As we think about our MANY vocations, our MANY callings, we want to go back to our FIRST calling. This is spoken in Genesis 1.
Right after God says he will make man “male and female” in the image of God (Gen 1:26–27), he CALLS them, he COMMISSIONS them.
This is often called “the cultural mandate” or “the creation mandate.” It’s in Genesis 1:28:
And God blessed them. And God said to them, “Be fruitful and multiply and fill the earth and subdue it, and have dominion over the fish of the sea and over the birds of the heavens and over every living thing that moves on the earth.” (Gen 1:28)
Together they were to imitate God in his creation and dominion through procreation and dominion.
God’s word in Genesis 1:28 contains a mountain of truth: Contained here is marriage and parenting (“be fruitful and multiply”). A key calling—vocation—for Adam and Eve was to have children.
They started as TWO, but God’s vision for them was not to remain TWO. They were to “be fruitful and multiply.”
And we see this unfold in the book of Genesis. At the end of chapter one there are exactly TWO people on earth. By the end there are nations, and God has selected one people out of all these nations to be the way he accomplishes his work of redemption.
Then there’s the vision for EXPANSION AND DEVELOPMENT. “Fill the earth and subdue it and have dominion.”
This is a sweeping idea. The couple starts in a Garden in Eden, one small plot of land. But the vision is a global one. The vision is for people to cover the earth and bring the earth into a state of order and development.
This means more than farming. As Anthony Hoekema says, it also means “to develop a God-glorifying culture” (Created in God’s Image, 14).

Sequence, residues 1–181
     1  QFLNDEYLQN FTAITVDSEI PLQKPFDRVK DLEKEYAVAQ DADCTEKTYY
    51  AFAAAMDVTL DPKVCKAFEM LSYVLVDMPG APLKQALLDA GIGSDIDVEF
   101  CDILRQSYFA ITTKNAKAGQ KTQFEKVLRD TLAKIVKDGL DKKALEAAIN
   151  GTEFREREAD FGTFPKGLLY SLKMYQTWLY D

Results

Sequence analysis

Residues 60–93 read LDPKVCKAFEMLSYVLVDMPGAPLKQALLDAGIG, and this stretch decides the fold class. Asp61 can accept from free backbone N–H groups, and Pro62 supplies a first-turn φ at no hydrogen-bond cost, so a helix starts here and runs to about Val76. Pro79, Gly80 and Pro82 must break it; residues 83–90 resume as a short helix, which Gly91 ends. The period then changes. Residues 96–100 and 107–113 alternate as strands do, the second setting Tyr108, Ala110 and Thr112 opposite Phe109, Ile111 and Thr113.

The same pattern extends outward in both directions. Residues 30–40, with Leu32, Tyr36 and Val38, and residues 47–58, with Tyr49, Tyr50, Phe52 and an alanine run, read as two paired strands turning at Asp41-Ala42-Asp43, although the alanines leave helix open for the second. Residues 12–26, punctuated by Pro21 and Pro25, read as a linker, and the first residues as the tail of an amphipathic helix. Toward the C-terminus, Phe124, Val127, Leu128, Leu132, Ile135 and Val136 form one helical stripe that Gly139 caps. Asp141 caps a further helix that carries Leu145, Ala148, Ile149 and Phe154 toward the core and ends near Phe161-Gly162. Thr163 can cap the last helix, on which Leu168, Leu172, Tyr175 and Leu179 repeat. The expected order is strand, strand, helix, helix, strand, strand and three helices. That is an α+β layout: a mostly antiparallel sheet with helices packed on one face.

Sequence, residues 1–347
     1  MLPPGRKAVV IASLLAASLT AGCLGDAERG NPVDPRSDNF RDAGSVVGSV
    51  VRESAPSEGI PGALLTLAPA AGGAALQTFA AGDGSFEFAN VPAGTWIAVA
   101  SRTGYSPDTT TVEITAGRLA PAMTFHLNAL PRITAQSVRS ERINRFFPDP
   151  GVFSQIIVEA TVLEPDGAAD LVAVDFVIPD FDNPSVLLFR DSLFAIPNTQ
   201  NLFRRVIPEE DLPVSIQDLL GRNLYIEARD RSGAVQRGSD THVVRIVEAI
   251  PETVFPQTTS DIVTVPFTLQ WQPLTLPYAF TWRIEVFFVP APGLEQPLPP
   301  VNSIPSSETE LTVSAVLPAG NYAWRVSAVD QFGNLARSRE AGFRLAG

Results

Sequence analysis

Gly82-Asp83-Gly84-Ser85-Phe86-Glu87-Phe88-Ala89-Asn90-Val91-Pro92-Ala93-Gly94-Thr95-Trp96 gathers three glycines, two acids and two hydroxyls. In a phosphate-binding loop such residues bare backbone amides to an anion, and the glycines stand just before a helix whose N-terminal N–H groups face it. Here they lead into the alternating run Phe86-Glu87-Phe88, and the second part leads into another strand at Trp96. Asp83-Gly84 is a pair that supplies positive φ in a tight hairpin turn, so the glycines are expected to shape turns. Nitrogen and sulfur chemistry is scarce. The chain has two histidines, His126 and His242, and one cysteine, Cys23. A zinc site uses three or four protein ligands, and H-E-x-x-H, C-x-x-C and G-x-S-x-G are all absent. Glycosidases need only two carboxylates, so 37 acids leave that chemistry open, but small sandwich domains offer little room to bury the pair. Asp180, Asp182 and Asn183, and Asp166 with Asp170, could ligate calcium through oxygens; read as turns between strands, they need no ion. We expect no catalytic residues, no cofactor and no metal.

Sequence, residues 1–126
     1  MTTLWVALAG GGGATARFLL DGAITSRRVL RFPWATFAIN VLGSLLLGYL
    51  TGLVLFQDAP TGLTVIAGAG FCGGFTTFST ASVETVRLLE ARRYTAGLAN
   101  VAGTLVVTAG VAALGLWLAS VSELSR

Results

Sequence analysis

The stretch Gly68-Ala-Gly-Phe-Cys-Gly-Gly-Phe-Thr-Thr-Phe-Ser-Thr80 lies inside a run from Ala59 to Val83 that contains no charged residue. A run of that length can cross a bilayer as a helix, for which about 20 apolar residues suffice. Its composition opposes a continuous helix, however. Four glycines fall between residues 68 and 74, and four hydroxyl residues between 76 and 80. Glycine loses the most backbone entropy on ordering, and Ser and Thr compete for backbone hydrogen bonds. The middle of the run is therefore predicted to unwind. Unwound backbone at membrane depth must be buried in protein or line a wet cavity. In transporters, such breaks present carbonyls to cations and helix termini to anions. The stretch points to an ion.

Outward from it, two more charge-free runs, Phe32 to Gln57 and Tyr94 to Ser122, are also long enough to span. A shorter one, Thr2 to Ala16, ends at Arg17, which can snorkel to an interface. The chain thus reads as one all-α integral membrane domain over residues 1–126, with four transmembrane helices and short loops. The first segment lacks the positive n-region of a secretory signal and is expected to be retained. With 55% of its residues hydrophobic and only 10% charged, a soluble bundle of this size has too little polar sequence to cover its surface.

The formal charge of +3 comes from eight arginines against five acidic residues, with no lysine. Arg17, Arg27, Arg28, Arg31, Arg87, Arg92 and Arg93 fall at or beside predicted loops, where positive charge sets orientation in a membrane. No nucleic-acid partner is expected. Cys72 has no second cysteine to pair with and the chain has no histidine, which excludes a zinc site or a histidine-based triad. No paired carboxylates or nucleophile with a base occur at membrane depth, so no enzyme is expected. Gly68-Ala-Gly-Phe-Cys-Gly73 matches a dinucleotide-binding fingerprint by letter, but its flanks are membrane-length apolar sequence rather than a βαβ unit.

To English speakers this sounds jarring. How can you get “culture” out of these words in Genesis 1:28? And then there’s the modern allergic reaction to exporting culture—isn’t that paternalistic to think that my culture needs to influence another person’s culture?
A little word study helps here. “Culture” comes from the same Latin root as “cultivate.” Both come from a Latin word colore which means “to tend, guard; till, cultivate.”
At the heart “culture” is a farming idea, where you’re taking unproductive soil and you’re working that soil to make it productive things. Before it was a field of grass and shrubs—after I cultivate it, it’s wheat and corn and ornamental bushes.
“Culture” does that. “Culture” is taking our natural chaos and blandness and adding order and beauty and interest, just like a farmer or gardener.
The cultural mandate starts with a simple agrarian idea, but it doesn’t end there. It expands to include making music and art and architecture and business and innovation and technological advances and medicine.
For a couple years I was a board member for the Sabres basketball team. As we changed bylaws and policies, it was a small-scale “subdue, and have dominion.”
[Genesis 1:28] has been called “the cultural mandate….It means civilization, not just procreation. We get the sense God does not want merely more individuals of the human species; he also wants the world to be filled with a human society….We are called to “rule” the rest of creation and even to “subdue” it….God owns the world, but he has put it under our care to cultivate it….We are to be gardeners….That is the pattern for all work. It is creative and assertive. It is rearranging the raw material of God’s creation in such a way that it helps the world in general, and people in particular, thrive and flourish.
Tim Keller, Every Good Endeavor
But we’re Christians, so we’re not neutral about all advances and all so-called “cultural” elements. As the Bible marches on, we know that we are called to develop a distinctly CHRISTIAN CULTURE within our homes and churches and communities as much as we can.
That’s where the Great Commission fits in:
19 Go therefore and make disciples of all nations, baptizing them in the name of the Father and of the Son and of the Holy Spirit, 20 teaching them to observe all that I have commanded you. And behold, I am with you always, to the end of the age.” (Matt 28:19-20)
In the Garden we were told to “be fruitful and multiply.” In the Great Commission you can hear that echoed in “Go therefore and make disciples.”
In the Garden we were told “subdue” and “have dominion” over the earth. In the Great Commission we “baptize” and “teach them to observe all that I have commanded you.” We’re subduing our sinful selves and taking dominion over souls and minds opposed to God and his Word.
In Genesis 2–3 we see another side of our VOCATIONS. We see our VOCATIONS as men and women.